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kmhappel

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  • Mar 27th, 2010 @ 11:53pm

    Cox Censorship

    Actually I was invited to testify and participate in the virtual hearings on net neutrality. Your comment,

    “I find it amusing that you would be complaining about what the company is allowing you to do on "their" network. Many people on the political "right" claim that companies can do whatever they want whenever they want. Customers have no rights. If you are a disgruntled consumer, too bad. Don't use Cox.”
    First a factual point, I am not using “their network” anymore than a given DSL service is using “its” network. There are two distinctly different functions, one is physical access and the second is content access. But you must know this. The second is that your statement, “Many people on the political "right" claim that companies can do whatever they want whenever they want” is a ridiculous assertion. It is too bad that you miss the point entirely.

    The issue of net neutrality is about the fact that net access is provided through an ISP’s bandwidth tunnel into one of the NAPs (Network Access Points) and that ISPs have been placing various types of restraint upon that bandwidth. All types of regulation have dangers with respect to access freedom and content control.

    One view of regulation is that any kind of constraint on edge access to a NAP is illegal. Having no edge restriction will mean that content providers will have to provide content based access restriction instead of ISPs and edge networks. Some feel that no limitations would lead, in time, to content access based upon content provider memberships where control of content access is closest to a direct user-provider relationship and is open DNS access adverse. This idea is opposed by those fear an end to net anonymity and giving each provider and user a hard and legally binding ID. One consequence would be an end to the commercial marketing model currently used by the pornography industry

    Another idea about regulation is to regulate a common set of access restraint and then build content filters into the edge networks for enforcement. The problem with a common set of access restraint regulations is that each and every issue based concept can ultimately place new restrictions in the mix.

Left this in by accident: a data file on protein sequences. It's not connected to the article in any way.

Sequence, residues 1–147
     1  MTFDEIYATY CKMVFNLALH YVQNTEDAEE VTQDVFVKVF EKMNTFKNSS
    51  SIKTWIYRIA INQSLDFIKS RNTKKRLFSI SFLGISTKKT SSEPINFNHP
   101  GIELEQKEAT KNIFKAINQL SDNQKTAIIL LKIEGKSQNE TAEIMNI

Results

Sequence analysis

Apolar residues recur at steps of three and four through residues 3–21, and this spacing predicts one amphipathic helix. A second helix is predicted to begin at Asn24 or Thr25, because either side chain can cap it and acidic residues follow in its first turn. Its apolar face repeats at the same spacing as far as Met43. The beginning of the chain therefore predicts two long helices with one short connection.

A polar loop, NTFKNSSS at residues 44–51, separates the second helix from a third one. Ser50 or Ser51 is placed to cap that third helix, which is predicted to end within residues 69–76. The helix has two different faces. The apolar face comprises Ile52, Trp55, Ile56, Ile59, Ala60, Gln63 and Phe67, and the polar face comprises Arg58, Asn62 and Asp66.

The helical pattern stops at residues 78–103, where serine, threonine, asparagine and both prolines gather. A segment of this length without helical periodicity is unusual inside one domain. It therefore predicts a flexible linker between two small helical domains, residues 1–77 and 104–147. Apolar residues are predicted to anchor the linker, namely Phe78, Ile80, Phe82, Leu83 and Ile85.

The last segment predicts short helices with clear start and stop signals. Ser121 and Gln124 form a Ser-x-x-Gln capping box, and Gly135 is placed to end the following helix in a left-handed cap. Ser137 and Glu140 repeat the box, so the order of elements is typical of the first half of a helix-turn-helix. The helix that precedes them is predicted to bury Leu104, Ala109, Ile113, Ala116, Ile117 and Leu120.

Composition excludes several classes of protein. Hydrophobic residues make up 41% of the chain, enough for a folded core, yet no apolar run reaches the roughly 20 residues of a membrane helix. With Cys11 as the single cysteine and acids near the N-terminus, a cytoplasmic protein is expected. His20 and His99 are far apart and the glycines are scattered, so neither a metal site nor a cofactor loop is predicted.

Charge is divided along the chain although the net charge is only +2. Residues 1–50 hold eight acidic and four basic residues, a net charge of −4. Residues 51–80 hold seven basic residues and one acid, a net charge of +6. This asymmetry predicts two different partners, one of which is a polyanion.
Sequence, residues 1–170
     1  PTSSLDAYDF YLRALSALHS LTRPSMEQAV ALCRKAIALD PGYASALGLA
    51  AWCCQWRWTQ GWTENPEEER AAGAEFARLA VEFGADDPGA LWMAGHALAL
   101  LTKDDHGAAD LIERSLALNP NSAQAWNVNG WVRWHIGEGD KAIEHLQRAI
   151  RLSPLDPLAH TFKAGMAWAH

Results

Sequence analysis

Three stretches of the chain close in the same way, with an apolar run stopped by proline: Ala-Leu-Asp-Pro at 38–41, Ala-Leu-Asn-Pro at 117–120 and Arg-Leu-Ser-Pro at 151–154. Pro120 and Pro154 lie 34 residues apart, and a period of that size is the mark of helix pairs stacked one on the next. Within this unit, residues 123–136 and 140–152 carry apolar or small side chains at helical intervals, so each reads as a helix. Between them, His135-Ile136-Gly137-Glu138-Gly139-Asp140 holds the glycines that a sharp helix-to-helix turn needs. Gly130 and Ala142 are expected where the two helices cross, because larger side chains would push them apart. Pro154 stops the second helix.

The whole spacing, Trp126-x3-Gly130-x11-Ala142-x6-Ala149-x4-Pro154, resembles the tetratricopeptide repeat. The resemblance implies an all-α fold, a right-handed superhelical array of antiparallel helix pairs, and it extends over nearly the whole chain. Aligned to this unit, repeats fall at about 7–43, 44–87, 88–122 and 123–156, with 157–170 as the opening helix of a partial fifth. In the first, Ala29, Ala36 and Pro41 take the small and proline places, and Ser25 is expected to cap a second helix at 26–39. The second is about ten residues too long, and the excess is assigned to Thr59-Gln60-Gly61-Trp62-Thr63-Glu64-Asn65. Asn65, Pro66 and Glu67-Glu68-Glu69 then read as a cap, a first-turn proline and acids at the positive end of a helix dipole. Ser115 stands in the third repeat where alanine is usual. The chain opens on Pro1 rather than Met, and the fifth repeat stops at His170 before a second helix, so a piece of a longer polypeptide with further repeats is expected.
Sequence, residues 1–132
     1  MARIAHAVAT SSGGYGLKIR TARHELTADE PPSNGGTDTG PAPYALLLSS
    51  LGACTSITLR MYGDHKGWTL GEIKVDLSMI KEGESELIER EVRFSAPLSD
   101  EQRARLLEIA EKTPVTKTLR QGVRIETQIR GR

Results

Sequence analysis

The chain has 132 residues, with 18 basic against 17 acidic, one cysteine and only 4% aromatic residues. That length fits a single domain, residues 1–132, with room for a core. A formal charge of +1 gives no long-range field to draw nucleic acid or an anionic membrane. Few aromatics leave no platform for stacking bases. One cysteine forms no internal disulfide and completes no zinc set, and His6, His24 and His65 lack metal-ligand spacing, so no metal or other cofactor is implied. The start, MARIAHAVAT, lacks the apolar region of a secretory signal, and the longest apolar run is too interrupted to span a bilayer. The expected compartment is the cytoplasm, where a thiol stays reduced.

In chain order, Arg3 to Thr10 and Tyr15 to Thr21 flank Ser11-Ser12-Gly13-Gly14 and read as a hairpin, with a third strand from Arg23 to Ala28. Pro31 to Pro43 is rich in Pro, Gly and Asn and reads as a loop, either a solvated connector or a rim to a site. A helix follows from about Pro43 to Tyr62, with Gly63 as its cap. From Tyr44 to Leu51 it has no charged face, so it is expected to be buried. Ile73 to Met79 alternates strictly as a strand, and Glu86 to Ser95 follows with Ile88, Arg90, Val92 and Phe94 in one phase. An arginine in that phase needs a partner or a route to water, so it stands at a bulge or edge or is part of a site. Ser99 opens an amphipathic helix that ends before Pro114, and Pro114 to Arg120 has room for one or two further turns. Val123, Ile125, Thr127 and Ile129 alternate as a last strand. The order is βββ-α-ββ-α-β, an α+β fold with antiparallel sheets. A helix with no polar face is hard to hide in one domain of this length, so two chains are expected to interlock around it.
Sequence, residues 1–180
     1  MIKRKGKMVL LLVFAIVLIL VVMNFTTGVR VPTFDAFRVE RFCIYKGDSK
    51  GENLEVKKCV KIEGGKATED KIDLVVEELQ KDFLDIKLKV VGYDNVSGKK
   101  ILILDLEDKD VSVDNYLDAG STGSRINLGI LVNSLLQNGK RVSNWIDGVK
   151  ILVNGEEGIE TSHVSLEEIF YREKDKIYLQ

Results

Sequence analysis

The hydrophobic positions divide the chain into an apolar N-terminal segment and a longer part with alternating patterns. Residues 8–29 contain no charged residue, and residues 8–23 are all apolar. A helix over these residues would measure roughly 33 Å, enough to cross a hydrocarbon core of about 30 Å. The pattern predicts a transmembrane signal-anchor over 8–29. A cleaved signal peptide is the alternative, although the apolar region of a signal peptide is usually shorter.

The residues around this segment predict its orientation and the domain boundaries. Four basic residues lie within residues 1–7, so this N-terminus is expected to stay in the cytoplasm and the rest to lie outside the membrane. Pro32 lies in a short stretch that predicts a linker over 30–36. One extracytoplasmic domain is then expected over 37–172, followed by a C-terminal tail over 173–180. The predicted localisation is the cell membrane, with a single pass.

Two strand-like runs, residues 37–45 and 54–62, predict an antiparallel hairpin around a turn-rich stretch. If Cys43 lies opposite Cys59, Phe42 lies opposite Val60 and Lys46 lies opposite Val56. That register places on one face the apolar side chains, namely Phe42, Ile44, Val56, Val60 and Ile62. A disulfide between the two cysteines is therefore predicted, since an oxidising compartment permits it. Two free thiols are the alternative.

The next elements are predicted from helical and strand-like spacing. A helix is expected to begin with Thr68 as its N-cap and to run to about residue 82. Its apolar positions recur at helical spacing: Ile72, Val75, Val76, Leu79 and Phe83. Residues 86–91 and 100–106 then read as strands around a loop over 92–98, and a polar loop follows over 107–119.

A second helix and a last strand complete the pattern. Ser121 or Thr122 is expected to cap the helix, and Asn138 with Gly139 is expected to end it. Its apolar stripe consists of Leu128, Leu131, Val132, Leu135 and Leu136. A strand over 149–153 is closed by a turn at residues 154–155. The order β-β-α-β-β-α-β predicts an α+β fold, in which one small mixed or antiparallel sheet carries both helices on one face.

Imagine the types of content constraint that could be added by religious movements or by enforcement agencies when the current net neutral concept is replaced and very different regulatory concept is imposed upon access. The Chinese, for example, use such a regulatory model. Google now wants to back out after they had agreed to that access restraint and are finding it not as easy as they thought.

    Actually the need is not for net neutrality but for edge network access freedom. No regulatory body is empowered with the kind of infrastructure and tools that would be required to detect, validate and prosecute such a strategy except the national intelligence agencies. Not your first choice either I would guess, based upon your comments.

  • Mar 27th, 2010 @ 11:12am

    Cox Censorship

    I am the coordinator of a tea party group in Vista, CA. Today I was notified that I will not be allowed to send emails to the members of the tea party group that had given me their emails addresses specificly for the purpose of receiving the emails. The reason: they are considered spam by cox.

    I think a class action lawsuit is the only option in such cases. In this case I want that outgoing message filter made illegal. HOw else can I stop this. We discovered that a neighboring tea party has been bblocked for six months and was never notified (see the blog post here about Cox doing that to people)

    Do you have an alternative? I don't care about the money, but inhtis case they are setting precident for censorship by autonomous software review of content and outgoing mail patterns of an individual user to individual users without invalid addresses and with their permission.The comapny said they could do nothing about it and that I should send them one at a time.